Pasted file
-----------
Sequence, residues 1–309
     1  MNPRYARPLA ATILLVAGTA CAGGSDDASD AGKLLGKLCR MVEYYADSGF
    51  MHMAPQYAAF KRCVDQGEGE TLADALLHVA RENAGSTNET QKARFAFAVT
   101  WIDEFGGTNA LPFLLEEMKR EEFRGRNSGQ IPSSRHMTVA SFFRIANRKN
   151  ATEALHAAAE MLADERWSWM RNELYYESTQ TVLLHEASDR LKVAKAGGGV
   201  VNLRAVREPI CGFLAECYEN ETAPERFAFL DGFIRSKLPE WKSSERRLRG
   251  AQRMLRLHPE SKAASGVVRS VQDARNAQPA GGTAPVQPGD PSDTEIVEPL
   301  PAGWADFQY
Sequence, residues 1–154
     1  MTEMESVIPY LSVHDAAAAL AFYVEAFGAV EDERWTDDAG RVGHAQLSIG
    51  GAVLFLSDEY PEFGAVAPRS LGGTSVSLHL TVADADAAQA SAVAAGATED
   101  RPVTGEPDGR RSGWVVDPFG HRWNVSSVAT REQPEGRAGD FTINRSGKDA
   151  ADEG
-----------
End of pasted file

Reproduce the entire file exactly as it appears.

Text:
Sequence, residues 1–309
     1  MNPRYARPLA ATILLVAGTA CAGGSDDASD AGKLLGKLCR MVEYYADSGF
    51  MHMAPQYAAF KRCVDQGEGE TLADALLHVA RENAGSTNET QKARFAFAVT
   101  WIDEFGGTNA LPFLLEEMKR EEFRGRNSGQ IPSSRHMTVA SFFRIANRKN
   151  ATEALHAAAE MLADERWSWM RNELYYESTQ TVLLHEASDR LKVAKAGGGV
   201  VNLRAVREPI CGFLAECYEN ETAPERFAFL DGFIRSKLPE WKSSERRLRG
   251  AQRMLRLHPE SKAASGVVRS VQDARNAQPA GGTAPVQPGD PSDTEIVEPL
   301  PAGWADFQY
Sequence, residues 1–154
     1  MTEMESVIPY LSVHDAAAAL AFYVEAFGAV EDERWTDDAG RVGHAQLSIG
    51  GAVLFLSDEY PEFGAVAPRS LGGTSVSLHL TVADADAAQA SAVAAGATED
   101  RPVTGEPDGR RSGWVVDPFG HRWNVSSVAT REQPEGRAGD FTINRSGKDA
   151  ADEG